Russ grateful for third-team honor

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[db]Russ Smith's[/db] snub in postseason honors -- for the most part anyway -- seems to bother everyone else more than it does him.
Louisville basketball coach [db]Rick Pitino]/db] says it's a travesty that his junior guard and leading scorer hasn't attracted more mention on All-America teams. That changed slightly Friday when Smith was named a third team All-American by the Associated Press.
To be named one of the top 15 players in the nation is a tremendous achievement, of course, but Smith is the best player on, arguably, the best team in the country and has played like gangbusters on the biggest stage -- the NCAA Tournament.
In four tournament games, Smith has scored 104 points (26.0 ppg) and was named the Midwest Regional's Most Outstanding Player. He needs only nine points in Saturday's Final Four semifinal against Wichita State to break Darrell Griffith's school record for points in the NCAAs. Then at the other end of the court there is his menacing defensive presence.
Before the announcement of the AP team, Pitino said he was puzzled at the lack of attention for Smith, and he obviously feels like third team doesn't do the 6-foot-1 dynamo justice.
"Truly, I'm baffled, just baffled, because it isn't like he's a Johnny-come-lately," Pitino says. "He carried us on his back to a Final Four last year. Russ does what Allen Iverson does with the ball -- he creates. He's able to get to the foul line, get a shot off, make a play, turn around and guard. I'd have him in the top twelve in the (NBA) draft because of the way his game translates to the next level.
"I'm very happy that everybody's missing the boat because I'll have him for another year. But I really, I really can't believe what I'm reading sometimes of this kid, because he's, to me, I thought he was a runaway Player of the Year. Runaway. And that's no knock on the other guys, because they're great too."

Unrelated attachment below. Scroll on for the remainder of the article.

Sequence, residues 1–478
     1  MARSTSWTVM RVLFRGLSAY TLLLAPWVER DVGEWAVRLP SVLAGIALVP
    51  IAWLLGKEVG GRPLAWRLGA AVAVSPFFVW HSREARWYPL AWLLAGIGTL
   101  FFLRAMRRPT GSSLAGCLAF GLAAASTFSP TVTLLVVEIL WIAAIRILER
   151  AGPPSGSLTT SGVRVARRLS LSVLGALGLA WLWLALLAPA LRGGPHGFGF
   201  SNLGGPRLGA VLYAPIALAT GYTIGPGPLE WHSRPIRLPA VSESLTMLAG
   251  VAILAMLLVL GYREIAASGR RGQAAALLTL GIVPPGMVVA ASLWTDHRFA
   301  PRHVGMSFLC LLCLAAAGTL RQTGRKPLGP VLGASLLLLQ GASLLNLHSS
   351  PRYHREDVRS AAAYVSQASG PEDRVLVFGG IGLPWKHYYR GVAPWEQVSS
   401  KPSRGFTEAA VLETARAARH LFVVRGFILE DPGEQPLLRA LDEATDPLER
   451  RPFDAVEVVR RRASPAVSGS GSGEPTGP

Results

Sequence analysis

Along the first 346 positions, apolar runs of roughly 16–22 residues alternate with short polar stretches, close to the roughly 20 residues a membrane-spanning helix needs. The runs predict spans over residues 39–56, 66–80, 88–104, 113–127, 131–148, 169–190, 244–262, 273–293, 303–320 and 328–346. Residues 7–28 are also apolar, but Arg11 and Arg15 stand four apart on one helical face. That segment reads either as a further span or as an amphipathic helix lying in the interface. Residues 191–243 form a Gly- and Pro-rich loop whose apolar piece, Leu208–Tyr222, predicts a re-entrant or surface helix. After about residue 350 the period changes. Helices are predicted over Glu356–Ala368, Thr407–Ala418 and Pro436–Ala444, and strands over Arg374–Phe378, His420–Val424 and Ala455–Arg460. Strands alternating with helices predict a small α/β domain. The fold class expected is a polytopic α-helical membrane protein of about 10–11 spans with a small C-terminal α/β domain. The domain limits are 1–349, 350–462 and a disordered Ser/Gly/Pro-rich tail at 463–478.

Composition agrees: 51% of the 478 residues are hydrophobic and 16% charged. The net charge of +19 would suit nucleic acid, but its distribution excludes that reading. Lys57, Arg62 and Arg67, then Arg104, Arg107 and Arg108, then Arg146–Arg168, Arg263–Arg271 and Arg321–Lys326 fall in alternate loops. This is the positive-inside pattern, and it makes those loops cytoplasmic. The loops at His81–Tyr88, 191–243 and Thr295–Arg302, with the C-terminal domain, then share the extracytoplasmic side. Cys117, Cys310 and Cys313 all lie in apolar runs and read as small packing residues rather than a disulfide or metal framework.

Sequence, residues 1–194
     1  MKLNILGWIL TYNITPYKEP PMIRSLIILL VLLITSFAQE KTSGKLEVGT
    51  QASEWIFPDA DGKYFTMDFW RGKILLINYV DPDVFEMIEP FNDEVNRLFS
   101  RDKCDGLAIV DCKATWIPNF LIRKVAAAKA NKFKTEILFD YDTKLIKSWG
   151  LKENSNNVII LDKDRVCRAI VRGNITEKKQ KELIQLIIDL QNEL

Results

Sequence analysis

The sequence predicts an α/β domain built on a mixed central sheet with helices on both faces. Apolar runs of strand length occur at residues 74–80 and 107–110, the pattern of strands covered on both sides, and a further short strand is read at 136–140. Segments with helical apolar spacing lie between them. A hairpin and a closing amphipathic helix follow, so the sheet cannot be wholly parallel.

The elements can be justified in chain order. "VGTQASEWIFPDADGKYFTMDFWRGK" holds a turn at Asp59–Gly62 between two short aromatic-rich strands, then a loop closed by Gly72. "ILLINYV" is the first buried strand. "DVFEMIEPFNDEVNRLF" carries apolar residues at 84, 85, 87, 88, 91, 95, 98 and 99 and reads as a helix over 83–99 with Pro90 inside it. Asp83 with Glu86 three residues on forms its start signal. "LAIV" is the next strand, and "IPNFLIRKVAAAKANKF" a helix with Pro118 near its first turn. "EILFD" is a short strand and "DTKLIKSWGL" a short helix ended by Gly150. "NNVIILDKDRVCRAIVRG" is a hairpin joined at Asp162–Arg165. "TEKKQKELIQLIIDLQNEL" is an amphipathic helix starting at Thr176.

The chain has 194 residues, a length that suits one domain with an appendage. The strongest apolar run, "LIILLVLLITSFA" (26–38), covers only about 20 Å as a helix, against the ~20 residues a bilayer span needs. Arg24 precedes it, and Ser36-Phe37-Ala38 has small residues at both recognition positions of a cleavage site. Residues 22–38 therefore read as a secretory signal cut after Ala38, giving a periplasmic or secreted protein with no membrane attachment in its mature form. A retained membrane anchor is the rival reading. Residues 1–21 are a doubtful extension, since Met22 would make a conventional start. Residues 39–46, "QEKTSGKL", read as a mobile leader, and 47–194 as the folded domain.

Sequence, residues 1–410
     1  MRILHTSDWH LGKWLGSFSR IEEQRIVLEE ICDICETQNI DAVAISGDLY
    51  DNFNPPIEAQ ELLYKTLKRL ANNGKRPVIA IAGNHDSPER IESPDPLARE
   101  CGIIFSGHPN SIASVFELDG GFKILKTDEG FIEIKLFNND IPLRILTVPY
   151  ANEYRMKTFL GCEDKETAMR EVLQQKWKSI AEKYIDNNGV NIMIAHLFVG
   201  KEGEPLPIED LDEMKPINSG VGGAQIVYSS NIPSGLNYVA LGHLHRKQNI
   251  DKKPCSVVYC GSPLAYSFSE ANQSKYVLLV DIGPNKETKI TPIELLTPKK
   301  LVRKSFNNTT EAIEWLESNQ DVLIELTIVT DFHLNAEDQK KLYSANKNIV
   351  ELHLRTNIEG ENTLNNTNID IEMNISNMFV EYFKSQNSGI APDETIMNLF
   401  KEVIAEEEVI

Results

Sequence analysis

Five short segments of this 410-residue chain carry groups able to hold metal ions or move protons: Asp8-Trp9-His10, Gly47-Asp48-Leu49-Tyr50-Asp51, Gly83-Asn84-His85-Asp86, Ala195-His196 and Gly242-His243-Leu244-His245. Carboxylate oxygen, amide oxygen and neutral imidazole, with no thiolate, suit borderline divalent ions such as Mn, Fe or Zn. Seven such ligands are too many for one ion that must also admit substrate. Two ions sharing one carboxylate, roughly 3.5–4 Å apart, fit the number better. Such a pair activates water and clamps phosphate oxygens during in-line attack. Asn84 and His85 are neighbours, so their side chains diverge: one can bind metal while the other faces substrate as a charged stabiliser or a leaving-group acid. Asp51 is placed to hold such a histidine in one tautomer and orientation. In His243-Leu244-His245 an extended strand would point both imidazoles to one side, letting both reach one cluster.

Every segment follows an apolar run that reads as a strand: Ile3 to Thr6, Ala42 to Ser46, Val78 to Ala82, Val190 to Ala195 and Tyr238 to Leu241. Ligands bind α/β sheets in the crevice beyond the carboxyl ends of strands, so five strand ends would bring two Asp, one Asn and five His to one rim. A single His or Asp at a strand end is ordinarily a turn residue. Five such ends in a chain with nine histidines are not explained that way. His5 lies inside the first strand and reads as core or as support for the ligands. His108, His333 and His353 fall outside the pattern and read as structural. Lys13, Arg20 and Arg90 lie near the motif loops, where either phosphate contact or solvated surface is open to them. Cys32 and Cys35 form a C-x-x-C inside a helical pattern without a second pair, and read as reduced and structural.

Backcourt running mate Peyton Siva's reaction: "Third team? I think he's the best player in the country."
For his part, though, Smith says he doesn't put any stock into All-American teams or someone else's opinion and that he doesn't feel disrespected by being named to the third team instead of higher.
"It doesn't matter if nobody thinks too much of me as a player. What I do for my teammates and coaches, you can't put into words, and that's all I care about," Smith says. "I don't care what anybody thinks about me, I really don't. I don't have the slightest worry about what anyone has to say about my game. The only thing I care about is what Coach P puts on that clipboard and what my teammates say I can do to make us better. And that's point blank.
"I've always been overlooked all my life. To be named an All-American is an honor to me. No matter where I get put -- first, second, third team -- I just feel like at least I was recognized. Wherever the outside world thinks I belong, that's their opinion. It's an honor because I know where I started from and I was not on the road to be named All-American."
UofL sophomore power forward [db]Chane Behanan]/db] was named the winner of the Pepsi MAX Dunk of the Year award, it was announced Thursday night during the broadcast of the College Slam Dunk & 3-Point Championships.
Against DePaul on Feb. 27, Behanan stole a pass late in the first half and slammed through a one-handed dunk over Blue Demons guard Worrel Clahar. Replays showed that the 6-foot-6 Behanan's knee reached Clahar's chin during the spectacular play. Clahar was whistled for a blocking foul after the basket.
"I felt teeth on my knee," Behanan said after the game.
Behanan beat out Detroit's Doug Anderson, High Point's John Brown, and Baylor's Cory Jefferson in the contest that was determined in a week-long finals round.
Behanan has 57 dunks this season, just two shy of Pervis Ellison's 1987-88 school record. The Cincinnati native is averaging 9.6 points and 6.3 rebounds per game.